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Home | Meeting Our Requirements | Inquiry Reports |                                                                   Printable Version

Searchlight Educational Trust

Registered Charity No. 1013880


Introduction

1. This report is a statement of the results of an Inquiry under section 8 of the Charities Act 1993.

2. Searchlight Educational Trust (“the Charity”) was registered as a charity in August 1992 and is based in London. The Charity organises seminars and produces literature for the public and its annual income is approximately £140,000. Its stated objects are:

3. The advancement of the education of the public and in particular but not so as to limit the generality of the foregoing:

a) provision of education and training of members of the public and in particular children and young people, in relation to racial and religious prejudice;
b) research into the causes and effects of racial and religious prejudice and disharmony and the dissemination of the useful results of such research.

Issues

4. In May 2002, the Charity Commission received a complaint alleging that the Charity was carrying out political activities that were not compatible with its charitable status.

5. The initial evaluation raised concerns about the political content of the Charity’s website, namely sections of the Charity publication “When Hate Comes to Town” (WHCTT); and also regarding the public’s confusion between the Charity and two companies – Searchlight Magazine (“the magazine”) and Searchlight Information Services (“SIS”).

6. The Commission instituted an Inquiry under section 8 of the Charities Act 1993 on 28 June 2002 with the aim of investigating whether the Charity was undertaking political activities incompatible with its charitable status.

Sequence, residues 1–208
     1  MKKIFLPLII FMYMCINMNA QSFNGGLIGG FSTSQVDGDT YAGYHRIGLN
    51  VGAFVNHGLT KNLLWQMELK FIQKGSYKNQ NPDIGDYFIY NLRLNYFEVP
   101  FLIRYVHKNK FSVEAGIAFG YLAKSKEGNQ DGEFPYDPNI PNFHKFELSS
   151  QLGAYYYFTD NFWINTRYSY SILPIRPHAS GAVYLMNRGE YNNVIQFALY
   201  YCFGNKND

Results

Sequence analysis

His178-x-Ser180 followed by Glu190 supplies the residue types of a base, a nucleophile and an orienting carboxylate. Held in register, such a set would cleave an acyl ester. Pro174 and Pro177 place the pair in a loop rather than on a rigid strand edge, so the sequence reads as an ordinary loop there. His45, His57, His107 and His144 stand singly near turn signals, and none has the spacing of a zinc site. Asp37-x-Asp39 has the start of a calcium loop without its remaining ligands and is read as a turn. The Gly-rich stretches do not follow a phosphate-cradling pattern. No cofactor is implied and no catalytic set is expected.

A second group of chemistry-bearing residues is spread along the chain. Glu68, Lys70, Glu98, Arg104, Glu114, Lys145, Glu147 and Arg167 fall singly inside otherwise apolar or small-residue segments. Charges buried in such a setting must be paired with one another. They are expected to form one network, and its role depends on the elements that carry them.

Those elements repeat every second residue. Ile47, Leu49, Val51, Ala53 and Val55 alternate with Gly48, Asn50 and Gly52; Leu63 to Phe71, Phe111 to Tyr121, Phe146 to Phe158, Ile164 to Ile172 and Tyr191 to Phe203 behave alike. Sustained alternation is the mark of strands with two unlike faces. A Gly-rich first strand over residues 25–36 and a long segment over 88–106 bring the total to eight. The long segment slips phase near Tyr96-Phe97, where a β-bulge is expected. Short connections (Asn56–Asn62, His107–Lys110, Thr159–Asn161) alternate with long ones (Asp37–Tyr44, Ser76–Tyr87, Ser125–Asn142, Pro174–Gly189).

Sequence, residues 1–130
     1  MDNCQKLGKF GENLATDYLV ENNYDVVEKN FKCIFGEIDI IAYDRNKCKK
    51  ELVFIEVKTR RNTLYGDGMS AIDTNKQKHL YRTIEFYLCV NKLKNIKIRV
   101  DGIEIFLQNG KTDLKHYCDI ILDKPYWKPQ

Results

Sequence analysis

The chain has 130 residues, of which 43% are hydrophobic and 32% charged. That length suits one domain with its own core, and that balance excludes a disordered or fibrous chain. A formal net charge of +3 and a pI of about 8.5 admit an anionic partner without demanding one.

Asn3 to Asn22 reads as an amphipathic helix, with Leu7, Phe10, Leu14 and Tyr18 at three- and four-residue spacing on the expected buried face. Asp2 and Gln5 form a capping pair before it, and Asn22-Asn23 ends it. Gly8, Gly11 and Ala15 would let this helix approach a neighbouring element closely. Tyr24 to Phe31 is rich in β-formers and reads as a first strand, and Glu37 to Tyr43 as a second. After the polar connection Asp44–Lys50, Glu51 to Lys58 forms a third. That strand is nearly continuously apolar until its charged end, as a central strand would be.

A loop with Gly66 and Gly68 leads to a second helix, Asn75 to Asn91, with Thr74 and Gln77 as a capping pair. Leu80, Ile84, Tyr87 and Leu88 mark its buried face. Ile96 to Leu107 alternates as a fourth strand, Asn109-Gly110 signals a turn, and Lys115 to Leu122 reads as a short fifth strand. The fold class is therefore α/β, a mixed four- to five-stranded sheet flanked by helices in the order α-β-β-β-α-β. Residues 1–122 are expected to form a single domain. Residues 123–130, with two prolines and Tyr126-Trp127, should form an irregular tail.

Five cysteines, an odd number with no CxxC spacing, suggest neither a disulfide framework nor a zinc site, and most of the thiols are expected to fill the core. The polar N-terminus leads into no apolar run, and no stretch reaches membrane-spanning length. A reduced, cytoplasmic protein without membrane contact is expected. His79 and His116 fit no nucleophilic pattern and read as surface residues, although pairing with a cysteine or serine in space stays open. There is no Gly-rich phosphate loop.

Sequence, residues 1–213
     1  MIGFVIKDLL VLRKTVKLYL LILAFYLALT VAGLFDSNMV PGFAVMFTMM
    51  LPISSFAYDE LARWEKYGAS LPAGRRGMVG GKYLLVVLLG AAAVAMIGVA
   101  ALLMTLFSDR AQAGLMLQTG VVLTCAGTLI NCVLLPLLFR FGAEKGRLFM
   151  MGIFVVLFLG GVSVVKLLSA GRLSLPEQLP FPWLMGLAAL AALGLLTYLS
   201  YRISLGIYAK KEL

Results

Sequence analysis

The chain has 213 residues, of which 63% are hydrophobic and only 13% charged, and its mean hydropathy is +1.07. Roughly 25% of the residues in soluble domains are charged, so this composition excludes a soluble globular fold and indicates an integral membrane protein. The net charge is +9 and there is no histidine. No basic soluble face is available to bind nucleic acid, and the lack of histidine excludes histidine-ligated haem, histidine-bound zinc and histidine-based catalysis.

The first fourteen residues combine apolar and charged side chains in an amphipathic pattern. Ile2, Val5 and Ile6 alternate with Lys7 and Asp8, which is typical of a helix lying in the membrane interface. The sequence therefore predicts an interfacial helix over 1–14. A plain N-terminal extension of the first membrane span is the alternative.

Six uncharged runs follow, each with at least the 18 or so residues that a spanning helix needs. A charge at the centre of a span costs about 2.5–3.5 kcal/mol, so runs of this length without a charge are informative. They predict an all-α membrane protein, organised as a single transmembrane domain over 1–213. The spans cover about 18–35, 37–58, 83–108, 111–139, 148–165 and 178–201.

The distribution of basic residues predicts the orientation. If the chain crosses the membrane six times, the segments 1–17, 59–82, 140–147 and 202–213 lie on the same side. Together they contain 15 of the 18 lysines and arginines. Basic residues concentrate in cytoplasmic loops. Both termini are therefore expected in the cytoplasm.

Findings

7. The Commission considered that certain parts of WHCTT went beyond the Commission’s guidelines on Charities and Political Activities. In particular WHCCT encouraged members of the public to not only vote against what it saw as far right political parties, but also to carry out direct action by, for example, disrupting political meetings.

8. There was no reference on the website to the Charity’s registered status, the charitable objects were not stated and it was not made clear that the Charity is distinct from the magazine and from SIS.

9. All three organisations shared a telephone number and postal address. This caused further confusion regarding the separate objects and activities of the charity and the two companies.

10. The Charity had yet to implement some of the recommendations previously made by the Commission, during a Visit to the Charity in 2001.

The trustees explained that WHCTT was out of print. The recent reference to it on the website was an employee’s mistake, undertaken without consulting the trustees.

Outcome of inquiry

12. The Charity has removed WHCTT from the website.

13. The trustees agreed the necessity of making clear the distinction between the Charity, the magazine and SIS. The Commission advised the Charity that they should not use the general label ‘Searchlight’ when referring to the Charity. The trustees confirmed that future Charity publications will clearly state that they are issued by a registered charity.